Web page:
Why aren’t more Americans studying abroad?

Number wise, the amount of American students studying abroad has been increasing.

In 1990, the number was 60,000.
The amount in 2000 was 143,950.
And just last year, in 2011, there were 270,604 American students studying abroad.

Statistically, it looks like we are increasing the number of students abroad (which we are). Percentage wise though, the numbers from 2011 only equal 1% of American students in college.

Why such a low percentage when the numbers have increased? More students in today’s society are first generation college students, as high school graduates in the 1990s were able to find better jobs right out of secondary schooling.

Another possibility for the low percentage is that many students don’t see it as a necessary experience for while in school. They might believe football game and study parties with friends sound like better options. There is nothing wrong with football games (as I truly enjoyed mine as an undergraduate), however, time as an undergraduate is really the ideal time to go abroad. By waiting until one has a job to fully afford it without taking extra loans, you are also throwing in the risk that your job might not give you enough time off to go abroad. Or you might have kids as soon as you graduate from college, pushing back other priorities in order to best take care of your children.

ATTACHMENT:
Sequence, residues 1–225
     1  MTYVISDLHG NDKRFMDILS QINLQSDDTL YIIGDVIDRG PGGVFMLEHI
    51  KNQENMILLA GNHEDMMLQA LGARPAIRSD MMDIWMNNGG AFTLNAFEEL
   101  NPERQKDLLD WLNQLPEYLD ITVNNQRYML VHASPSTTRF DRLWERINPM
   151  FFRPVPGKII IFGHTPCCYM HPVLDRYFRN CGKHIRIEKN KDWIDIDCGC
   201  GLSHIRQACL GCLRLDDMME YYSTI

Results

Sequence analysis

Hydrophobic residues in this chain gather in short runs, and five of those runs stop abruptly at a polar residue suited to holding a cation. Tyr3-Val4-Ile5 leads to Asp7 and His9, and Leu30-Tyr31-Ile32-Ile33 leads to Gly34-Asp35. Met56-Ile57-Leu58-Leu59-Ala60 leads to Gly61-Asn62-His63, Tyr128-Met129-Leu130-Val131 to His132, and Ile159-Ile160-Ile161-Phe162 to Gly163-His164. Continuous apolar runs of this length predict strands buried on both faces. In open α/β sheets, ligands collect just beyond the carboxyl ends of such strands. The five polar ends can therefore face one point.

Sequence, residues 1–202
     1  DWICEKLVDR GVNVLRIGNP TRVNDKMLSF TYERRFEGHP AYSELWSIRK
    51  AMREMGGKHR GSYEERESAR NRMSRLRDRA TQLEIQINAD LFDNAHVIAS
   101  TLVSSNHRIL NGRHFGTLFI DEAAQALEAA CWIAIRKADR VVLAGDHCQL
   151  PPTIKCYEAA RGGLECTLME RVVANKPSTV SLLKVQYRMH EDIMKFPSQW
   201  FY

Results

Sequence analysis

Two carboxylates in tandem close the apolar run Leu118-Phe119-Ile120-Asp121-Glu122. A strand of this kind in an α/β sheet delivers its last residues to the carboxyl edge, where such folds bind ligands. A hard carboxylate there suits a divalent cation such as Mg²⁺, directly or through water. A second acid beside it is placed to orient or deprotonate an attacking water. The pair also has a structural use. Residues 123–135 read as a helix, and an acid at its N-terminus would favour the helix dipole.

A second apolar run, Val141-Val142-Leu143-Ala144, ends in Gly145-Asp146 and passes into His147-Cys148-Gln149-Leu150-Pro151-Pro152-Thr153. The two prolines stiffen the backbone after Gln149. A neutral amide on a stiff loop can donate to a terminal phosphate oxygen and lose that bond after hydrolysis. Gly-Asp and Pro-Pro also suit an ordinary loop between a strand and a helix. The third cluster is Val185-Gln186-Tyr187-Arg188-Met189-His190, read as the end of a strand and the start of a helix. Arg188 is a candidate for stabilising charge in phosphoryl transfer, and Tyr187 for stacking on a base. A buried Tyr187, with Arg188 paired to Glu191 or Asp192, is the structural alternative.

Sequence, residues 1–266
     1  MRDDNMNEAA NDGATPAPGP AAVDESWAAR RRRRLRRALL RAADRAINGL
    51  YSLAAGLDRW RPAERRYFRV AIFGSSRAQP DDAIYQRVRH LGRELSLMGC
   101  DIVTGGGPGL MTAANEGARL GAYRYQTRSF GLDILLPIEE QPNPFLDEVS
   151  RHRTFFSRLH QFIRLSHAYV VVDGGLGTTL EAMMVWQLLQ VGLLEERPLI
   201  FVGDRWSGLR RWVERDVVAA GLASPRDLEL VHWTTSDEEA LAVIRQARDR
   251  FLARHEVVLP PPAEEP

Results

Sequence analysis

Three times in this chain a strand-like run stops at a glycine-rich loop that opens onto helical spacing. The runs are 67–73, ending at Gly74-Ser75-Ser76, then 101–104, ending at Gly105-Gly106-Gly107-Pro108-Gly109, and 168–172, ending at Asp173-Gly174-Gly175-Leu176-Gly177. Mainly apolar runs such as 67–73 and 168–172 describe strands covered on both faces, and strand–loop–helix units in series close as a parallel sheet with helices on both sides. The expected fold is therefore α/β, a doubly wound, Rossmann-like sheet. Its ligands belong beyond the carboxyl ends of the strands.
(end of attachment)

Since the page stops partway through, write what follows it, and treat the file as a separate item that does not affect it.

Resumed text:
Whatever the reasons for the low percentage, this is what Secretary of State Hillary Clinton is hoping to change – the fact that only 1% of American students in college study abroad.

To read a story on this (and to see the video clip where she appeals to college educators, high school counselors, students, and parents), click on this link: http://www.worldstridescapstone.org/?p=1361

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